The Maze Runner is Hook meets Jurassic Park, with the philosophical approach of The Matrix, and absolutely does not deserve any of those comparisons. It’s entertaining on a sometimes laughably meager budget and somehow is better than The Hunger Games without being a great movie. It’s as if Saw took place on Pinocchio’s Pleasure Island, where they happened to be filming a robot sequel to Eight Legged Freaks. Like you’re probably wondering, I can’t tell whether I liked it either. But I will say one thing: The Maze Runner is worth seeing if you feel like a mindless trip to the theater.
In case you run to the bathroom during the one of the several blatant exposition scenes, it goes like this: each month, a new teenage male wakes up in an elevating cage, in the dark, with no recollection of how he got there. He’s scared, confused, and cannot remember his name. The cage, or “the box” as it’s referred to, opens up in the middle of a large field, where several other boys are surrounding The Man With No Name, asking him questions and pulling him in several directions. They explain to the new recruit that they all were brought there with no memory, don’t know why they’re there, or how to escape. What they do know is that every morning, the gates to this large quad open up to a surrounding maze which changes its pattern every night. As if that weren’t enough to stump them, the maze is plagued by large robotic scorpions come sunset. No one has survived a night in the maze in the three years that they’ve been there. To maintain order and sanity during their perplexing circumstances, the young men construct huts, sleep in hammocks, and create a rank-ordered community they can call home. But the newest recruit/victim, Thomas, is built differently. He’s curious. And he is determined find a way out and lead this group to safety.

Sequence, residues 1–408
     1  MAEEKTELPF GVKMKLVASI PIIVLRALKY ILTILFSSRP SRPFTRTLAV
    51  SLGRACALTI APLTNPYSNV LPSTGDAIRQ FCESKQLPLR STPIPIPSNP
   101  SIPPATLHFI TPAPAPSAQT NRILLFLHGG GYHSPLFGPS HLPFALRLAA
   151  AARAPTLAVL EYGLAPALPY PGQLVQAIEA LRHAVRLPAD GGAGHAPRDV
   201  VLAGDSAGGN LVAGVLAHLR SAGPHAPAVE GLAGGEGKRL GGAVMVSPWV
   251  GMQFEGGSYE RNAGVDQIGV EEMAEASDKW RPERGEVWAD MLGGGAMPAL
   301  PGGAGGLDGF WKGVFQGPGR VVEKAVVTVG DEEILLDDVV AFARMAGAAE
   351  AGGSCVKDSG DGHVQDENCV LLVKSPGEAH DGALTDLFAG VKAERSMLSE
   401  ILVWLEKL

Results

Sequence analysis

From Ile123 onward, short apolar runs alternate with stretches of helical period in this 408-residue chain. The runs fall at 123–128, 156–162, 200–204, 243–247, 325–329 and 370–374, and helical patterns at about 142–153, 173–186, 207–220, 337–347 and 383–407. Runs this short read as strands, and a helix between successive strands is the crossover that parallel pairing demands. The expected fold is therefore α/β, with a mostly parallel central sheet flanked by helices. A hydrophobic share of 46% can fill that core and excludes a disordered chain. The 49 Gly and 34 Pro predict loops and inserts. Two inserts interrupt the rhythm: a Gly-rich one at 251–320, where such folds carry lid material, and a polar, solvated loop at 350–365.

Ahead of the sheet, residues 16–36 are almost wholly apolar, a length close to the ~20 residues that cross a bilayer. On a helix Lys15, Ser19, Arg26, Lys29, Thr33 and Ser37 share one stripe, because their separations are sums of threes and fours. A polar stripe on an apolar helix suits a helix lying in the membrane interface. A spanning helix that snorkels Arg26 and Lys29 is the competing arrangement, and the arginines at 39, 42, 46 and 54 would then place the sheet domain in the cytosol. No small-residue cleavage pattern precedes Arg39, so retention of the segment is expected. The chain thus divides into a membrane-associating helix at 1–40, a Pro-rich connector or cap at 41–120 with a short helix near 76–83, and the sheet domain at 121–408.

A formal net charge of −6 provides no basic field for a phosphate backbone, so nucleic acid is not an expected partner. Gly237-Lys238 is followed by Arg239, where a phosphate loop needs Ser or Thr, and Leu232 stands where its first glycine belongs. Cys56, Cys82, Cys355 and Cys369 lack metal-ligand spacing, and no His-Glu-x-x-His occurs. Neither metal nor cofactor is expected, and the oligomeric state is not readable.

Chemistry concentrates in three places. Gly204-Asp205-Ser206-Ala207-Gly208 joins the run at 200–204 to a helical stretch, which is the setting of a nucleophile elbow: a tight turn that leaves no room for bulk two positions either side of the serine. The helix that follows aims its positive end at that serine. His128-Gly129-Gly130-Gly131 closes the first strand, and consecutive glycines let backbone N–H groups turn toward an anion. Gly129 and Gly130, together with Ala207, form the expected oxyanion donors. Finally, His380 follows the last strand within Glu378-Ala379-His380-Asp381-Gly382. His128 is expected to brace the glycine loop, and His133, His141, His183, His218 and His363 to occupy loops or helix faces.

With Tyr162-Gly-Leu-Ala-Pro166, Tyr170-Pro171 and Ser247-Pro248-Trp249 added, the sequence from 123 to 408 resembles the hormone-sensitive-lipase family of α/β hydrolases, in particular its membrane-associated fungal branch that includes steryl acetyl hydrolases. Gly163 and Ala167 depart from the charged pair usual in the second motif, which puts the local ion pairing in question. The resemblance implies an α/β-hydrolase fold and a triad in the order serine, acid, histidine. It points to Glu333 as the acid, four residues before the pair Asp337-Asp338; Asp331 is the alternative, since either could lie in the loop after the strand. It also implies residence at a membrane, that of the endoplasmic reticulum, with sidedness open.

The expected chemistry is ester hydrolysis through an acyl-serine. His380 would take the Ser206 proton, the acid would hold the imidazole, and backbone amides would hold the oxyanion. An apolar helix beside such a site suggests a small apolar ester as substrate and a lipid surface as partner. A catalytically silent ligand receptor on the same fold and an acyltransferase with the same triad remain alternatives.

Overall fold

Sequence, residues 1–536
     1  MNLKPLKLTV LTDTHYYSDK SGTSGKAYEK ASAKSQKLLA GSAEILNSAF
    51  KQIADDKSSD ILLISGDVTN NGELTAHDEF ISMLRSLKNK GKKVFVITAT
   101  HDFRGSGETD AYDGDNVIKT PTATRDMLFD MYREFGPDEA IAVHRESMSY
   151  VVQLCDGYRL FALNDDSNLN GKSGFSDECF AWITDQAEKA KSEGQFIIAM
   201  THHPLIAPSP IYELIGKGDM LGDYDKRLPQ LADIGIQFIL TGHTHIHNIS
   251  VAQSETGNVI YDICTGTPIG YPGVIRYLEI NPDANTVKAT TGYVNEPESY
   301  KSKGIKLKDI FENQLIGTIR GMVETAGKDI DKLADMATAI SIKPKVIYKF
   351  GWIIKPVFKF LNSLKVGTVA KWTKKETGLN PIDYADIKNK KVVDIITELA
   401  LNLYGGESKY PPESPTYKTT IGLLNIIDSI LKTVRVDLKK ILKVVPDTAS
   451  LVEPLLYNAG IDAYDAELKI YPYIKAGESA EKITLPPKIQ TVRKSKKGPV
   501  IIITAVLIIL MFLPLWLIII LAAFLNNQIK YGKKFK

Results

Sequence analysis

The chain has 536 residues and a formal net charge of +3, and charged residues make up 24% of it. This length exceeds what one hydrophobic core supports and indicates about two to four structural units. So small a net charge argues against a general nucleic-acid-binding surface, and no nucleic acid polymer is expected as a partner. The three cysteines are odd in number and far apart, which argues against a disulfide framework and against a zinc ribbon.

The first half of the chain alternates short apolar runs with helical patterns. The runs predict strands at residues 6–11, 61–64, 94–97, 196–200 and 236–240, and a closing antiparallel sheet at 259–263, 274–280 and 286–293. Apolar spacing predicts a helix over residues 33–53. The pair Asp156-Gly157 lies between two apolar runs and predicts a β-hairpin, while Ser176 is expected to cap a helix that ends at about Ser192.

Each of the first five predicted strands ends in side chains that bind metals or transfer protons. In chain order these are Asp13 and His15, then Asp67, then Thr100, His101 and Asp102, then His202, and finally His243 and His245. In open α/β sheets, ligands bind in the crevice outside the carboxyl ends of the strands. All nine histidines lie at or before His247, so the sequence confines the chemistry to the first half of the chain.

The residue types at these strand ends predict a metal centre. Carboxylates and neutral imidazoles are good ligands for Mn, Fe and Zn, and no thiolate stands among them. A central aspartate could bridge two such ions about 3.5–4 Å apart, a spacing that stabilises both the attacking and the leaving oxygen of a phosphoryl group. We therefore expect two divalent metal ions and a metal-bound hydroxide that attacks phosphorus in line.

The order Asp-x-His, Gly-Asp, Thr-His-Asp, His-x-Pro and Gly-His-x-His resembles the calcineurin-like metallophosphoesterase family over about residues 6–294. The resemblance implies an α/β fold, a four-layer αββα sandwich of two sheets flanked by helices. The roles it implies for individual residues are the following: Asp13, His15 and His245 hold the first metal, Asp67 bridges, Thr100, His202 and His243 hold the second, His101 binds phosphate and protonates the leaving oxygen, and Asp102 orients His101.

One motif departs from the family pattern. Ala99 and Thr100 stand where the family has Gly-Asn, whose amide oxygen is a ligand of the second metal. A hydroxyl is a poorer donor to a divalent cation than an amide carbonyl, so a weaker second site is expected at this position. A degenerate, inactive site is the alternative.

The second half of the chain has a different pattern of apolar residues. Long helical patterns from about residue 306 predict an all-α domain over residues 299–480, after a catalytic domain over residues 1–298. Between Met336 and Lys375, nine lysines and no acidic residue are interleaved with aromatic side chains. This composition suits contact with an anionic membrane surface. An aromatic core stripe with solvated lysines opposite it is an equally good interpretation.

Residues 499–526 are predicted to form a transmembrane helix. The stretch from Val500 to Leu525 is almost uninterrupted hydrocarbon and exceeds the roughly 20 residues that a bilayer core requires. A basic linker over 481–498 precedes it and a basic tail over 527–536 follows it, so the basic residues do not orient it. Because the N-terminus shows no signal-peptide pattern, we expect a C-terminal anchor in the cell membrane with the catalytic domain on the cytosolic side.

Cool premise, right? Unfortunately, the extremely compelling ideas that are implicit in set-up are never explored further than the village doctor being asked for a diagnosis and his response being, “hey man… I got my job the same way you did.” This is very unfortunate, as the existential “deserted island” story is one that I find interesting no matter how many times it’s told. Instead, it opts for actors in their mid-twenties playing teens, running in front of a green screen as CGI walls shift behind CGI monsters giving chase. And the longer you watch, the more the plot holes become glaring. *cough* umm, guys? If you had all these trees to build huts, why didn’t you just build a big ass ladder?! *cough*
While I haven’t read the book, I’d imagine it is better. The Maze Runner as a movie (franchise) will absolutely be profitable, and it’s first entry wasn’t shabby. Just keep your expectations low, even as you are absolutely enthralled by the first half hour.